US exclusive alleges Seagate breached export rules to sell Huawei hard drive sources


Oct 26 (Reuters) – Seagate Technology Holdings said in a filing on Wednesday that the U.S. government warned the company that it may have violated export control laws by providing hard drives to a customer that a source familiar with the situation said was Huawei Technologies (HWT.UL).

Reuters first reported the disclosure on Wednesday and identified Huawei as a customer. Huawei is on the US Department of Commerce’s Entity List and has been banned from receiving US exports and certain foreign-made items without government approval.

Seagate was warned in a “proposed shipping letter” it received from the Commerce Department on August 29, according to a report filed with the US Securities and Exchange Commission.

The file stated that the company’s position is that hard drives are not subject to US export regulations, and that it has not engaged in prohibited behavior as the Commerce Department has alleged.

The Seagate files did not identify the customer. The insider said Seagate temporarily halted shipments to Huawei a year ago.

The Commerce Department declined to comment on any potential pending enforcement matters, but a department spokesperson said the department was committed to “fully investigating any allegations of violations” of the rule restricting certain foreign-made items, adding that it was “vigorously pursuing criminal and civil actions related to unauthorized exports to China.” “.

A Huawei spokeswoman had no immediate comment. The Chinese telecommunications equipment maker was placed on the Entity List in 2019 for activities deemed contrary to the national security of the United States.

Seagate, a Dublin-based company also operating in California, said it was cooperating with the Department of Commerce and seeking to resolve the matter.

According to the disclosure, the products in question were offered to the listed customer of the entity and its affiliates between August 2020 and September 2021.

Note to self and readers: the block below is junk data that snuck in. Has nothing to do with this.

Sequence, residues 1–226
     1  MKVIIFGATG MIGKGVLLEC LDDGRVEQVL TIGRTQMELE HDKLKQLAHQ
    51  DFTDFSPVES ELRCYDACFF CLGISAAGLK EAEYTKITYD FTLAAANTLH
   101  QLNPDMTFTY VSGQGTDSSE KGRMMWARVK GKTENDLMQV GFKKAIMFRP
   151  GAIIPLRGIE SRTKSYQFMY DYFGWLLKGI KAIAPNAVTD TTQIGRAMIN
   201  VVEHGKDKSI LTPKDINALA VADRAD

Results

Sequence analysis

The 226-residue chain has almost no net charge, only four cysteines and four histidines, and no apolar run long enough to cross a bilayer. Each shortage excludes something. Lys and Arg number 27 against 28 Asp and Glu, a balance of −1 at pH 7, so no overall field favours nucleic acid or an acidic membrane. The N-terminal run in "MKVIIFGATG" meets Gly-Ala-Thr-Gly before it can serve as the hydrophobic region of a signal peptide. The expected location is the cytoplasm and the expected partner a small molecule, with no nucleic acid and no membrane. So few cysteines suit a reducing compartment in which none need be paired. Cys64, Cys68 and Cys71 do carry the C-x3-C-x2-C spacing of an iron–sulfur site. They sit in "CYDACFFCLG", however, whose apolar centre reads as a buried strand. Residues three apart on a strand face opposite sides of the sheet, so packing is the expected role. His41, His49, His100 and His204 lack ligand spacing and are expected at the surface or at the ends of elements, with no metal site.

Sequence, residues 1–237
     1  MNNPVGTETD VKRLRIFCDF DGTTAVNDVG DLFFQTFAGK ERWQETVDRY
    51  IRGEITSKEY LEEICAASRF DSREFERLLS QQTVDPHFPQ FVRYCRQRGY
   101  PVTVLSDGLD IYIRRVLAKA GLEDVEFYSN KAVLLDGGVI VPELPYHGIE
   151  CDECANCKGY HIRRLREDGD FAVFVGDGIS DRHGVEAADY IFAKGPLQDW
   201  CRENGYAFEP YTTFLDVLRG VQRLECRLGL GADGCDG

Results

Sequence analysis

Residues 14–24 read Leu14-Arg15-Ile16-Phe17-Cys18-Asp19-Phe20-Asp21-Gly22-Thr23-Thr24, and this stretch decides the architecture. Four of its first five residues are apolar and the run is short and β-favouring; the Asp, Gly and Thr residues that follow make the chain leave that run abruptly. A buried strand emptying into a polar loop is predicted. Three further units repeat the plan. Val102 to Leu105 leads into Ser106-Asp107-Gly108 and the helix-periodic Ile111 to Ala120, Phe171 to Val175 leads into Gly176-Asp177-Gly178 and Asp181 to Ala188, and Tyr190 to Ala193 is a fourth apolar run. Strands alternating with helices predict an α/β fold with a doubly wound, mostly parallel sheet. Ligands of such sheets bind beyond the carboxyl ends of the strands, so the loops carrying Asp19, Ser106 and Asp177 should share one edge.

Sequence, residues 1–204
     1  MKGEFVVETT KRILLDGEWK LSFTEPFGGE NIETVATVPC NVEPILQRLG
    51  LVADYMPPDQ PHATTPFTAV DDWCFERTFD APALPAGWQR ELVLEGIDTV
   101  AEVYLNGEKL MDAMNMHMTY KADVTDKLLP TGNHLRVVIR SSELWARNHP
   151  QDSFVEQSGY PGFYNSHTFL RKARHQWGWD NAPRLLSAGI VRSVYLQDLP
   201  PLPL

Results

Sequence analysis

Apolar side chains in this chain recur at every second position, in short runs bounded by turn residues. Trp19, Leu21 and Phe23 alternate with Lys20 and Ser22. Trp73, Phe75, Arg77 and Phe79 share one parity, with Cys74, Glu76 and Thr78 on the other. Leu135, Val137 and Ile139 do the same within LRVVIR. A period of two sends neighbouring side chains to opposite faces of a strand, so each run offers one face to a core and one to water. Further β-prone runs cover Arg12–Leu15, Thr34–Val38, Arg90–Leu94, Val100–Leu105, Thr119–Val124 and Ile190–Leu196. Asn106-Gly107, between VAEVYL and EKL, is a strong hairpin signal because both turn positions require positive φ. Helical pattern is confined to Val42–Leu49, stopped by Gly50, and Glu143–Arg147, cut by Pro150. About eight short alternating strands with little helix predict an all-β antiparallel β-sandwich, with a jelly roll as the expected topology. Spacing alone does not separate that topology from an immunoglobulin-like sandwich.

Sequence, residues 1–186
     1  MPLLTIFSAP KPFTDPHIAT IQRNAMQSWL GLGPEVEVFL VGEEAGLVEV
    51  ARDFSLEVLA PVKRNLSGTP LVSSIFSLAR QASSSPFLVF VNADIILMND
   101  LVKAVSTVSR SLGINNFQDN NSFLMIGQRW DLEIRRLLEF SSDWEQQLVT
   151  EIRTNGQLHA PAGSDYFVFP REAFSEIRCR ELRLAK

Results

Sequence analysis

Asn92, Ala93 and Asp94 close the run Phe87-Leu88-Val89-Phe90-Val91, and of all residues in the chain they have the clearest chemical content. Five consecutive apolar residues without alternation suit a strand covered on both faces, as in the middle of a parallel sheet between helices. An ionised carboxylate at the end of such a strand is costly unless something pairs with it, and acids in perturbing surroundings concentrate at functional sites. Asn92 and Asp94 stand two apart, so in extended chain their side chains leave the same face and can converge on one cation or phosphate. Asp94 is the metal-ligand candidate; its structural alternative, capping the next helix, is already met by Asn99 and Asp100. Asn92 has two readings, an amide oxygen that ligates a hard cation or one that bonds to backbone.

The company said the timing of any final outcome was unclear, as were the terms. He also could not estimate the extent of the loss or penalty, although he said the material impact on the business was possible.

The company may face civil penalties of up to $300,000 for each violation or twice the value of the transaction, whichever is greater, for administrative fees.

The source said that the company hopes to present its case in an upcoming meeting with the Ministry of Commerce. It sent an initial response to the letter in late September and provided more information this week.

Seagate shares fell 11 percent early Wednesday after the company reported financial results and disclosed the warning about alleged export violations.

At issue is US regulation that governs the way certain foreign items destined for Huawei are subject to US export laws.

The Foreign Direct Product Rule, as revised in August 2020, restricts companies from shipping items made outside the United States to Huawei if they are the direct product of certain U.S. technology or software, or were produced with essential equipment that is the direct product of the U.S.-origin program or technology. Such shipments can only be made with a US license.

The base is designed to cut off the global supply of Huawei’s semiconductors.

The source told Reuters that Seagate’s view is that its foreign-made hard drives are not subject to restrictions, as they are not a direct product of any US semiconductor technology or software nor of any equipment that is itself the direct product of any US semiconductor. technology or software.

However, the source said, the Commerce Department’s proposed fee is based on the interpretation that overseas-made items are subject to the rule if equipment that is the direct product of US semiconductor technology or software is used to produce any component of the final item. , no matter how much they are removed in the production process.

The source said the hard drives are made in China and Thailand and also do not contain enough US content to make them subject to US export rules.

The source added that the company did not apply for US licenses for the hard drives but applied for licenses for other items when it decided they were needed.

Republicans on the US Senate Commerce Committee released a report last October that found Seagate likely shipped restricted products to Huawei for up to a year, giving it a competitive advantage over Toshiba.(6502.T) Western Digital (WDC.O)other major suppliers of hard drives, who said they halted shipments to Huawei after the new rule went into effect in 2020.

Western Digital told Reuters in May 2021 that it had stopped shipping to Huawei in September 2020 and had applied for a pending license. The company did not respond to requests for updates and comment.

Toshiba also did not respond to requests for comment.

(Reporting by Karen Freifeld) Editing by Chris Sanders and Howard Guler

Our criteria: Thomson Reuters Trust Principles.


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